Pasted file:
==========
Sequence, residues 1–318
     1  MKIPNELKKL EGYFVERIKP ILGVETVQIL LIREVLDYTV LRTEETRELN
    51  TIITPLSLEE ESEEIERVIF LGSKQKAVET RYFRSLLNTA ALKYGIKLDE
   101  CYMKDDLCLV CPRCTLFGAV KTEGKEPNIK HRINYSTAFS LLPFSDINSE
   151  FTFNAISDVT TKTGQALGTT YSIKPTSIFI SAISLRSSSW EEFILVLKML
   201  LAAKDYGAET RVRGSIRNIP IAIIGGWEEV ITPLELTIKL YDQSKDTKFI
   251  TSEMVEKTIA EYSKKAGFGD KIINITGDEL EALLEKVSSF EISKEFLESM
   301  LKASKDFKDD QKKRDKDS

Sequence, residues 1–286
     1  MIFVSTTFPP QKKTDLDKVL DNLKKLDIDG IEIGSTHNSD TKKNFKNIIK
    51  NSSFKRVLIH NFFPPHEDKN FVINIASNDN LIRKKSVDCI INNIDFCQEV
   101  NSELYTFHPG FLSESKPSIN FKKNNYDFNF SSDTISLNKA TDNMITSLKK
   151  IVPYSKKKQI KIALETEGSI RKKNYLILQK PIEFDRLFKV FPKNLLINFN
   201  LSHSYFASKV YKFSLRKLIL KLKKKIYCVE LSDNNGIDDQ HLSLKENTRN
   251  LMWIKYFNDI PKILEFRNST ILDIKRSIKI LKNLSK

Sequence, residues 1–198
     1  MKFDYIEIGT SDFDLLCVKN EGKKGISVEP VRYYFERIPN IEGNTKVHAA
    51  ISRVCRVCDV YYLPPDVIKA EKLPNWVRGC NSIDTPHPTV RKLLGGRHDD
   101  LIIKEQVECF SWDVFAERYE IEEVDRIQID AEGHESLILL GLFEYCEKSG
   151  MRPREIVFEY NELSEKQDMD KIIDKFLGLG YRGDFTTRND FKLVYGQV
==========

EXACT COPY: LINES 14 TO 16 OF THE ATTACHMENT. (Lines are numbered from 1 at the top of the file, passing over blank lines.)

   201  LSHSYFASKV YKFSLRKLIL KLKKKIYCVE LSDNNGIDDQ HLSLKENTRN
   251  LMWIKYFNDI PKILEFRNST ILDIKRSIKI LKNLSK

Sequence, residues 1–198